Jeannie Gaffigan On Surviving A Brain Tumor In 'When Life Gives You Pears'
SCOTT SIMON, HOST:
Two years ago, Jeannie Gaffigan looked at images of a pear-shaped tumor in her brain and asked, am I going to die. She had five children. Six, she often says if you count her husband, Jim Gaffigan - the comedian with whom she's co-written seven specials, two best-selling books and an acclaimed television series. She's also a director, producer and community leader in New York. But quite suddenly, Jeannie Gaffigan's full life narrowed to being a patient.
Story of her surgery, recovery and the steps along the way that both tested and vitalized her faith are told in her new memoir "When Life Gives You Pears." Jeannie Gaffigan joins us from New York. Thanks so much for being with us.
JEANNIE GAFFIGAN: Thank you so much for having me here.
SIMON: Tell us about this pear. The - I don't want to call it good news, but encouraging news was that you were told it might be operable.
GAFFIGAN: Yes. As a matter of fact, it had to be operable. The way that it was positioned on my brainstem and my cranial nerves, it was definitely a ticking time bomb.
SIMON: How do you tell five children of different ages what's going on?
GAFFIGAN: Oh, very carefully. I mean, I had at the time a 12-year-old about to be 13 who was already, like, going on, like, you know, 27. And then I had a 11-year-old boy who was going on, like, 8. So in a way, we explained it to the older kids in a very scientific way. And we told them that I was going to live and I was just going to have to go to the hospital for a while.
And then the way that we told the younger children who were, you know, 4 through 7, is in a much more, like, you know, how sometimes people have, like, bad tonsils and they have to go to the doctor, and the doctor takes the tonsils out. It's like the same thing, but mommy's tonsils that are bad are in her brain. So we didn't use, like, brain tumor or anything like that. And at that age, I mean, my 5-year-old was really concerned that I was going to get a shot. Like, that was - he was like, are you going to have to get a shot?
GAFFIGAN: You know? And, like, that's the level. And then Patrick, who was 4 at the time, was, like, you know, Mom, I bet you're going to be able to get a toy out of the treasure chest. And that just gave him so much hope for me to get that toy out of the treasure chest. And I was, like, you know what, I think that I am going to get the toy.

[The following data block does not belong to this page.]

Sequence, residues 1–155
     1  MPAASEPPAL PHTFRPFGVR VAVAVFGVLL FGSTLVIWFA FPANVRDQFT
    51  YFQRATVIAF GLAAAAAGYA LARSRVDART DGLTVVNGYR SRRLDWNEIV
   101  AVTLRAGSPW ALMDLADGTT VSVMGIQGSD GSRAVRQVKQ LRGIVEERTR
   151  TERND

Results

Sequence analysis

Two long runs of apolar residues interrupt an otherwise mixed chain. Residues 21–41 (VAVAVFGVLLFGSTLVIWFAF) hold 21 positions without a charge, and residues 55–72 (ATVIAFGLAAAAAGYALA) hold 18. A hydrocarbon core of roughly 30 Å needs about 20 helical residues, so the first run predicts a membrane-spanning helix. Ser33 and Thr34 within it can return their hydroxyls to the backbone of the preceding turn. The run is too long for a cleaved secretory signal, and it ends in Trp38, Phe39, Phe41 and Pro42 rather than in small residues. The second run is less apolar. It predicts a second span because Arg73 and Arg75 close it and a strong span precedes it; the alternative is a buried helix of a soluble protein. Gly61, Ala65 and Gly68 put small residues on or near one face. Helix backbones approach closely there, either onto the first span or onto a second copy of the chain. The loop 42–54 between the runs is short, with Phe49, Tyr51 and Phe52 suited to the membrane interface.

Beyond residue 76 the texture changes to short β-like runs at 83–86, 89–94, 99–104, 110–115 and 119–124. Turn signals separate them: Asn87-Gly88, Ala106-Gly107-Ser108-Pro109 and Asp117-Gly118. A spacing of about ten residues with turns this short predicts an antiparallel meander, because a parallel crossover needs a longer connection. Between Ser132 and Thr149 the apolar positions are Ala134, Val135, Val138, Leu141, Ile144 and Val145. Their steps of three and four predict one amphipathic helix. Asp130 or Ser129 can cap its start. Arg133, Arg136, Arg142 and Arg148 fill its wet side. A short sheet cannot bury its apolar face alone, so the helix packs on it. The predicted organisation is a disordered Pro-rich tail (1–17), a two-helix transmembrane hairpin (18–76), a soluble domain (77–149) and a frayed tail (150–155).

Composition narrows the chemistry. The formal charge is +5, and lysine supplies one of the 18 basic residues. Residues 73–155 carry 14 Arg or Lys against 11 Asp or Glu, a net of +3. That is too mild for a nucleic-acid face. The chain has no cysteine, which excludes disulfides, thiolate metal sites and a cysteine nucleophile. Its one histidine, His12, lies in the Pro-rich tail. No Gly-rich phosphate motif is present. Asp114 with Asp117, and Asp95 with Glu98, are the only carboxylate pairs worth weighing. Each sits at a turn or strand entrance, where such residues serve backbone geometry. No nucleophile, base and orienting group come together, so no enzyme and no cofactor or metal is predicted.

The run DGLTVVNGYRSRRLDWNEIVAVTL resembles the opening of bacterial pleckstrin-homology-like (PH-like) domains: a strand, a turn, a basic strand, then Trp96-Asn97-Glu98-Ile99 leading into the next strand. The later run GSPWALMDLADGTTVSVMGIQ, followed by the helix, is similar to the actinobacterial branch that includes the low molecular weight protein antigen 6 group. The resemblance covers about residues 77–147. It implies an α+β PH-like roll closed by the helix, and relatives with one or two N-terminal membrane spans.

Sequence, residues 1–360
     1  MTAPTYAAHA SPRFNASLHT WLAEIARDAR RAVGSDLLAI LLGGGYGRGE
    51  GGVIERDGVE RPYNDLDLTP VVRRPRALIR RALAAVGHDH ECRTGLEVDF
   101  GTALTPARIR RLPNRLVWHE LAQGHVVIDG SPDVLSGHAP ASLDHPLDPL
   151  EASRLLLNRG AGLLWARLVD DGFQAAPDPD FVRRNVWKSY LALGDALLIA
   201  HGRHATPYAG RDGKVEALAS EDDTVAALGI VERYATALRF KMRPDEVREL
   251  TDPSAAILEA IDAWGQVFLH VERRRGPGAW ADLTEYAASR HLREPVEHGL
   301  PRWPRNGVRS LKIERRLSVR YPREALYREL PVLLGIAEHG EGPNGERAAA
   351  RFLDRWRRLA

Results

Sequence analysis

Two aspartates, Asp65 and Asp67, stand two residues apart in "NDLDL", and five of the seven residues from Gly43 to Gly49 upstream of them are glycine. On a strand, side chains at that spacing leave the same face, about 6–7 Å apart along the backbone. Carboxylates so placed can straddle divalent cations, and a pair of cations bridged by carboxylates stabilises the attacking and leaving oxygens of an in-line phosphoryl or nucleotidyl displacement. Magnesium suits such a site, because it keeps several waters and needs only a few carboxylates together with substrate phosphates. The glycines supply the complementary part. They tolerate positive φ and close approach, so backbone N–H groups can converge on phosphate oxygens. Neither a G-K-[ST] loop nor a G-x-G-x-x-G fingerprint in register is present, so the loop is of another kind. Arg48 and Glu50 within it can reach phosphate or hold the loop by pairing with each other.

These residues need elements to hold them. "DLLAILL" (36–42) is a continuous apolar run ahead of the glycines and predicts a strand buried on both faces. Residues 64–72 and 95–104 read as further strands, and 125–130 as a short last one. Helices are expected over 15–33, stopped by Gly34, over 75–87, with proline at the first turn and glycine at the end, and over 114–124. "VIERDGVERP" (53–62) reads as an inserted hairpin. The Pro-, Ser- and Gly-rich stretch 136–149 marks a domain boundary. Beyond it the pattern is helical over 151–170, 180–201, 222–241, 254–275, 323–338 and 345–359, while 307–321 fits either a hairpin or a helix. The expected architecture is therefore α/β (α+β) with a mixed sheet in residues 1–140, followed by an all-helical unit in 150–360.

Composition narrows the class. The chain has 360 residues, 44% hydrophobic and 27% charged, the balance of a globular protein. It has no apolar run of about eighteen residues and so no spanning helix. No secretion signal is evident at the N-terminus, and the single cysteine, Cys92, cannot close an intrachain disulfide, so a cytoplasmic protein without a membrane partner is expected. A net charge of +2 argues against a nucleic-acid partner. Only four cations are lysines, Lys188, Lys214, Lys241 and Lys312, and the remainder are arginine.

SIMON: Yeah. An important part of this book is your faith.
SIMON: You're a person of faith. You believe in the power of prayer.
GAFFIGAN: I do.
SIMON: And you turn to it - nuns specifically.
GAFFIGAN: Yes, I turned to nuns definitely because I think everyone should have, like, a sort of a gaggle of on-call nuns because nuns kind of live their life around the clock making appeals to heaven. They're kind of like the attorneys, you know, for you. And when people go to kind of find themselves or find their spirituality, a lot of times they'll cloister themselves. Like, you know, that's what - that's, I think, why nuns are so holy. It's because their day's kind of built around the spiritual life or people, you know, go cloister themselves in a monastery.
But what happened to me was I was kind of forced to go into something like that because my recovery from this. I quickly developed a double lung strep pneumonia in the hospital because the first night after surgery, I aspirated because my - I had confusion between swallowing and breathing. And when that happened, I started to live in, like, the ICU on a lot of tubes, a lot of beeping machines and a lot of, like, worried faces. So I went to kind of a dark place because I wasn't able to know, you know, what was going on at home. And I started going into withdrawal like an addict. And my drug is control. And I had to face that. And I was forced into that monastery of silence, of stillness. If I didn't go to someplace bright and light, I was going to go really dark. And I needed God in that moment.
SIMON: Yeah. You wind up saying towards the end of your story here, Jeannie, that you're grateful for the tumor.
GAFFIGAN: Oh, yeah. If I haven't been put in a position where I could stop the noise for a little while and I got separated from my children and I couldn't drink water for six - I couldn't swallow anything. My husband had to learn how to change a trach on me and to mix formula to inject into a feeding tube for me. I never would have seen this side of my life and this side of the people, the community, the friends, the family, my children.
When I saw Jim being the funny - like, when he realized that he was not going to be a widower, he just was my personal comedy concierge. He would wash my hair. He turned into the - you know, this very "Steel Magnolias" gossipy salon owner who has been divorced five times. And it was like, honey, let me tell you about men. It was so funny. And this kind of thing showed me just about, you know, about my faith is that it was designed. My marriage to Jim was designed at the beginning of time. So I thank the tumor. And the acknowledges - that's in my book. I'm like, thank you, tumor, for showing me how wonderful life is and giving me gratitude for every sip of water I take.
SIMON: Jeannie Gaffigan, her book "When Life Gives You Pears."
Thanks so much for being with us.
GAFFIGAN: Thank you, Scott.
(SOUNDBITE OF VINCE MENDOZA'S "GRACIAS")
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